Those protesting professors Peterson and Weinstein think that we ought to protect them from being offended, that we should be forced to respect what they believe, but that's simply not how our system operates.

It's time we take a stand. You, snowflake, are welcome to advocate all you want to be called ze or for a white-free day on your campus. What you are not welcome to do is command that I call you ze, or not show up because I am too white for your political purposes.

You may argue for a different world order, but that's not what the rest of us signed on for.

July 4, 2017

So I was listening to a discussion on bloomberg.com about Mayor DeBlasio's plan to shut Rikers Prison.

You all know I come from the right. As you can imagine, Mayor DiBlasio does not get high ratings in my circles. But in this case, I agree with him.

It took me a minute to notice it, but my gut reaction is to dismiss anything out of his mouth or office as a symptom of the sickness of the left. And I do the same with a lot of the mouthpieces of the left. And then I asked myself does this attitude really add anything to the marketplace of ideas?

Yes, I think some people are wrong—especially in their methods—most of the time. But I also believe, at least at some level, that most politicians really do—or at least one time did—have a commitment to create a better world.

And I also know that the best negotiators rarely say no. If you want to keep the conversation going, you are much better with a “Yes, but…”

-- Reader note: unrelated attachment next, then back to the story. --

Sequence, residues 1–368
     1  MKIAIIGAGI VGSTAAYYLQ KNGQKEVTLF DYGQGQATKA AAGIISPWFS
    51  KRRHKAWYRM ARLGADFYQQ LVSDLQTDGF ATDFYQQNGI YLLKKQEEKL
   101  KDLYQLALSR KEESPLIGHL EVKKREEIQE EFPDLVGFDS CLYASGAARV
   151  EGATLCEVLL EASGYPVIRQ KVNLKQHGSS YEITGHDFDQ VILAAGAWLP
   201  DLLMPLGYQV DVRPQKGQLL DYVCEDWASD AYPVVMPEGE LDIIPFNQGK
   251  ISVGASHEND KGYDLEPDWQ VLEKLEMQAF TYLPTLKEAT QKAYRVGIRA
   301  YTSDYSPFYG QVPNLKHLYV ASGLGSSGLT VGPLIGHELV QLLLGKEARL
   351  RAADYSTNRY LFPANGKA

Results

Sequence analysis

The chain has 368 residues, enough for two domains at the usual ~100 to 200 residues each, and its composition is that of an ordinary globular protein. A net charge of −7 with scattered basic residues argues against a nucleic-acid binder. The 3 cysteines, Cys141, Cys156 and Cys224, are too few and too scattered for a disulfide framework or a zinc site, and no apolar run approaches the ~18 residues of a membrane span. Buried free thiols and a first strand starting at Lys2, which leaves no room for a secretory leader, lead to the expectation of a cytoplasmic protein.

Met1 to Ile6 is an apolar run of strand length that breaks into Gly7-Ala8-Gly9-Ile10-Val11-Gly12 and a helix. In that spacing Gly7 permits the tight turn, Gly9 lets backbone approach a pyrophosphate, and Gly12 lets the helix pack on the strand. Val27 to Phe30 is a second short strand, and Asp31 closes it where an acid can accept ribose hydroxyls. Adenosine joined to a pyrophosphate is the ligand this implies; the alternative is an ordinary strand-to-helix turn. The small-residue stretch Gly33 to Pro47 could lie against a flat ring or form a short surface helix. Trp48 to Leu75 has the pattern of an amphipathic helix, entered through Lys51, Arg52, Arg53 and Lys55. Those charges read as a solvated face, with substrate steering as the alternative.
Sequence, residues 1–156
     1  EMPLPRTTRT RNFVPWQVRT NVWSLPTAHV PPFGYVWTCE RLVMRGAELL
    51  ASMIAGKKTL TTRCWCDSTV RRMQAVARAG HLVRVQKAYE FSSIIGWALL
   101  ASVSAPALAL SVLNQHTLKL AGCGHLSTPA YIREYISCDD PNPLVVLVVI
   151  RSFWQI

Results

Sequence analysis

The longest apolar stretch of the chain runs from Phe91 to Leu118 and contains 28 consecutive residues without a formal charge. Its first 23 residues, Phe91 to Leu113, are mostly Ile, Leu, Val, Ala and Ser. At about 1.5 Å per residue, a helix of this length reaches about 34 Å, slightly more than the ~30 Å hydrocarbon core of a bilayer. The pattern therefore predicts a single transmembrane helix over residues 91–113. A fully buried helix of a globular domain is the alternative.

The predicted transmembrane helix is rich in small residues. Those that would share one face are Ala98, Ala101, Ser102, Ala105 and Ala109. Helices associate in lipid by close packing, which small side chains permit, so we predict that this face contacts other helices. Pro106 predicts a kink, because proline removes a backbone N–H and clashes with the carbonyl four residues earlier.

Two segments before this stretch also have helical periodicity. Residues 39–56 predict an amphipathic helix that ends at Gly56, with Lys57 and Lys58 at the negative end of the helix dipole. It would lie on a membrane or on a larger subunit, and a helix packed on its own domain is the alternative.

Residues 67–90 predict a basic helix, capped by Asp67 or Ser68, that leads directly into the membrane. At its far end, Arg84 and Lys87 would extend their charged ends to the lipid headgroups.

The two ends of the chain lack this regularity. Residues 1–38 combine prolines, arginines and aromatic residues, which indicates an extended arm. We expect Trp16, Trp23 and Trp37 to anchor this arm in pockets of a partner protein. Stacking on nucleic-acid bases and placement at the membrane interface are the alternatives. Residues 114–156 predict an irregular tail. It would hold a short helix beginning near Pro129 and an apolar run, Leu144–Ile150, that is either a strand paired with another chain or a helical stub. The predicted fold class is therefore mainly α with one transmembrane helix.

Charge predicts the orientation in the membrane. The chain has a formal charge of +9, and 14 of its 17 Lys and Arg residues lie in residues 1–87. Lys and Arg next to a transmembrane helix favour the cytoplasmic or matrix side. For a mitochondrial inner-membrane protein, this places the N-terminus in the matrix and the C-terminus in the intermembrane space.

And when we are talking politics, or bandying about ideas in this marketplace, it seems to me we should always look at what we have in common first.

“I absolutely agree that we should all be able share our ideas, but does that mean I have to agree?…”

“Yes, I also care for every human life, and I agree that people use guns to kill other people, but maybe the constitution guarantees our right for a greater purpose.…”

“I agree that people should have access to health care, but maybe this is an issue best left to the states.…”

“We both want to educate and prepare our kids for the future. Let's take a look at what really has been working.…”

So my invitation to you this holiday is to exercise your independence. Open your mouth. Share what you think. But first, listen. Listen for what you have in common. It's often easy to see our differences. But we've got a lot in common too. And maybe we can learn something that will help carry us all forward, together.

Let's celebrate our Freedoms by using them. Let's talk.

The Football Diamond

The Football Diamond

You might not know that I have a lot of trouble coming up with material to write here. I wonder how my few words will make a difference for the American People. It's not that I don't make a difference. I help thousands of people have better relationships, with girlfriends, parents, kids, in-laws, co-workers. I help them have better lives, whether it's around romantic relationships, jobs, or building relationships for business. Somehow that's really easy.

But it's one thing to coach a player, another the team, and another altogether when you are running the league. And unlike the Major League, where the schedule is set and the teams show up, government, for the most part, can only set up the field.

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Memorial Day 2017

I'm almost done reading Mr. Tuvia Tenenbom's rather depressing book The Lies They Tell. (Welcome to the real America,
a place you call home but don't yet know!
) One of his themes is that Americans are afraid.

And it's not that we are afraid of the rest of the world. We are afraid of ourselves. In the land that celebrates free speech, people are afraid to speak their mind, we don't want to tell you who we voted for, or what we really think for fear of how it will look.